• minimum authorization - a user can access only what he must / has a strict permission to. From the user list of a buyer company to a customer list for the e-commerce itself. A LOT of threats (data leaks, inadvertent/malicious data breaches and more) come from insiders: https://bit.ly/2s7DCJM. Especially privileged ones, like managers.
  • safe authentication - enforce strong password, encourage 2-step validation, the system should give no info about the existence of a login (safe UI messages).
  • minimal data gathering - only what the app really needs from the user - not for the future analytics. And definitely not credit card info.
  • encryption - all the sensitive data should be encrypted with something that’s not deprecated.
  • routing ALL traffic via HTTPS- along with a SSL certificate that must be there and be valid; for larger companies - it should be a certificate with name, not just “Secure”, to confirm the unique identity of the site and mitigate the risk of fake site redirects (which can then at most buy the “Secure” certificate)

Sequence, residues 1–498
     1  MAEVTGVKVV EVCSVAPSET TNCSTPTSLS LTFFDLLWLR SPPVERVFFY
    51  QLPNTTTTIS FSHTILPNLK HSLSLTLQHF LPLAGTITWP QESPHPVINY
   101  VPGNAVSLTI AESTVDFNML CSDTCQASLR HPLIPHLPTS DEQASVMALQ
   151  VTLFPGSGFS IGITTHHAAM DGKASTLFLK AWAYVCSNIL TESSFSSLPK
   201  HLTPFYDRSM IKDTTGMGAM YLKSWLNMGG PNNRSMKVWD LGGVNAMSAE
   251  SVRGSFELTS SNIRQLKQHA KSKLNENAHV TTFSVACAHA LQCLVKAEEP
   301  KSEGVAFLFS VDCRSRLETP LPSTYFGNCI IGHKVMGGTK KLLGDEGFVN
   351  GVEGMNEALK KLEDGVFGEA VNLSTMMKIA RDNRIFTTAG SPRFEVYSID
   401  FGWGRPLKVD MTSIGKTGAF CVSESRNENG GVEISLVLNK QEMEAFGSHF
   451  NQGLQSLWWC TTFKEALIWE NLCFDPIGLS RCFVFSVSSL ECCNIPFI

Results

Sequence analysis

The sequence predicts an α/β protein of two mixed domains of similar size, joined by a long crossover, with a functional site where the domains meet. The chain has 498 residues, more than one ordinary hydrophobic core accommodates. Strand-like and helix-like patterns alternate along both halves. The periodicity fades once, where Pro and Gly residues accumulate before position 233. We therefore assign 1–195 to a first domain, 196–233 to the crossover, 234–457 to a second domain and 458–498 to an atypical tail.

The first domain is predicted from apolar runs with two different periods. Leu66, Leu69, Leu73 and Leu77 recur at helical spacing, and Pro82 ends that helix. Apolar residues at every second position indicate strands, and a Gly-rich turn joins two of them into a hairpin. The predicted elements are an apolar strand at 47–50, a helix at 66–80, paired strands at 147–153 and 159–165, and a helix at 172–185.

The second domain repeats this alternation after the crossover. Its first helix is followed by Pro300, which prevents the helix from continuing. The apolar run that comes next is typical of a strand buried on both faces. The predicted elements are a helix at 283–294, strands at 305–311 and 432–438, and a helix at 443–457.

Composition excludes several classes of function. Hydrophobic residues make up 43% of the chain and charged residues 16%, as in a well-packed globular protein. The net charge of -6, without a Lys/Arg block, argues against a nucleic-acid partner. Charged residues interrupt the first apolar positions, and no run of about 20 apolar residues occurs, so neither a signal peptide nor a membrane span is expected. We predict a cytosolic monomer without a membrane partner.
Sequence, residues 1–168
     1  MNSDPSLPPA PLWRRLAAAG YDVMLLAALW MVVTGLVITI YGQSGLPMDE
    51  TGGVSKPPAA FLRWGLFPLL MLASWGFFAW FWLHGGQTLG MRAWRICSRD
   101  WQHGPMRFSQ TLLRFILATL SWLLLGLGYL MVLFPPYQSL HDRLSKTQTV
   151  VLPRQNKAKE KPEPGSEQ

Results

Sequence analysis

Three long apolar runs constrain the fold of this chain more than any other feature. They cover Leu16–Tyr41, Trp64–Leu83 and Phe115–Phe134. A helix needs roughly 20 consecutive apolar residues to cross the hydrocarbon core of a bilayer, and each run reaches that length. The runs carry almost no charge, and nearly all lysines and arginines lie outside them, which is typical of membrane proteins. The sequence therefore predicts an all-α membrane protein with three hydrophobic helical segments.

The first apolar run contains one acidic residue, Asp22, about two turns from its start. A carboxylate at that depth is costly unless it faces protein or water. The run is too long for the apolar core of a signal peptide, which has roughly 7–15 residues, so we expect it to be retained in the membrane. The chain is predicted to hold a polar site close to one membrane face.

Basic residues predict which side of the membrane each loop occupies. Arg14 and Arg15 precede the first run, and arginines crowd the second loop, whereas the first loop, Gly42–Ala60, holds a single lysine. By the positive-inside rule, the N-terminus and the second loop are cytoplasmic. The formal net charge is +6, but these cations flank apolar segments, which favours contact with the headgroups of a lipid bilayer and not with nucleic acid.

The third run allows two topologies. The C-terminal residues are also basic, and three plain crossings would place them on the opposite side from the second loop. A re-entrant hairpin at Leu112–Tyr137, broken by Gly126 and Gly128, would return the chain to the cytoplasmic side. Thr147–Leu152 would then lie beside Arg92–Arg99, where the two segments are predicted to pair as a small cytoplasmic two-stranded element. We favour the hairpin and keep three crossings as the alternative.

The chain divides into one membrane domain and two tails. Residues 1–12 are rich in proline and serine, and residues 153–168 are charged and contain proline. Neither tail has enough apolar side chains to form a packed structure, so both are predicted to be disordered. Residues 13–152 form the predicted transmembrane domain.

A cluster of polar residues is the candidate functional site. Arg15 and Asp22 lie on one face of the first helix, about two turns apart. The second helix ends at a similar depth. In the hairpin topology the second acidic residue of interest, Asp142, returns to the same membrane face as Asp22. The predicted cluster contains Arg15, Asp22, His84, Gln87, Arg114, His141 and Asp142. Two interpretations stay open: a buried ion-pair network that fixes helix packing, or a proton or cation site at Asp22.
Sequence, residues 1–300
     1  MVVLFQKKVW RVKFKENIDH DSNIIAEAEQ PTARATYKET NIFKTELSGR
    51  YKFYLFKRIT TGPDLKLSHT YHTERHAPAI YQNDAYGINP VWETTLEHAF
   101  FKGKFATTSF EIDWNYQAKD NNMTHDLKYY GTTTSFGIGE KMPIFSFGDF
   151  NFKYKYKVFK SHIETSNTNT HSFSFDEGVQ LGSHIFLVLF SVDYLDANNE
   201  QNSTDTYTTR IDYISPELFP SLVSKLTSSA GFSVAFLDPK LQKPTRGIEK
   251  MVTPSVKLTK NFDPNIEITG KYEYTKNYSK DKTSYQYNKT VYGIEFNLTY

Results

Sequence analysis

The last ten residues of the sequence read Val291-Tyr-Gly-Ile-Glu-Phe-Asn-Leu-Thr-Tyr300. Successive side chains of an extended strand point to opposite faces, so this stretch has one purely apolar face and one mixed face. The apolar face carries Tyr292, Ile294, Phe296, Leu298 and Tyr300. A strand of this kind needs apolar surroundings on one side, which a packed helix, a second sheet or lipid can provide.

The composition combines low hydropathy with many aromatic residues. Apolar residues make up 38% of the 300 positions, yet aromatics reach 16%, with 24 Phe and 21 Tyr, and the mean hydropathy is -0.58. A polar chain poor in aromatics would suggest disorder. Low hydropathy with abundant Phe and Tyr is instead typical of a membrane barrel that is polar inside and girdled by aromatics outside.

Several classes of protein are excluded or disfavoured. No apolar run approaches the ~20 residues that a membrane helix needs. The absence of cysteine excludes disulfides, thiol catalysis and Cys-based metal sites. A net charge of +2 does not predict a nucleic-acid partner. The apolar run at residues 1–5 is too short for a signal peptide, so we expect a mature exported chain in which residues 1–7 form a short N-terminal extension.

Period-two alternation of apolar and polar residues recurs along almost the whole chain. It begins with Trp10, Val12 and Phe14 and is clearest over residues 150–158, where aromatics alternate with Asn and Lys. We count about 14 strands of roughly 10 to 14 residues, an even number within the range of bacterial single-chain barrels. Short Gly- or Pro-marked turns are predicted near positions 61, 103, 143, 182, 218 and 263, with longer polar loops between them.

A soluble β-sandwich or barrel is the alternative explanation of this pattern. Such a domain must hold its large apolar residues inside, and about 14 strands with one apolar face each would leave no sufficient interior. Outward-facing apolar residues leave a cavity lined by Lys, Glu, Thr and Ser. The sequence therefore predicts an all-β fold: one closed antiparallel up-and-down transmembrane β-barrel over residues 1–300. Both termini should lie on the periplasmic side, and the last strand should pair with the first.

Catching up with the challenge:

I think the main priority is to assure that the e-commerce is compliant with the PCI security policies. Here below I attach a link to read more about:
Basically is a worldwide security standard whose objective is to assure the security of the end user while he is using any payment card. It is really important because not only could be really dangerous for the user, but also because companies could apply some big fines and this might cost the failure, besides the fact that it could cost other several penalties like prison and whatsoever.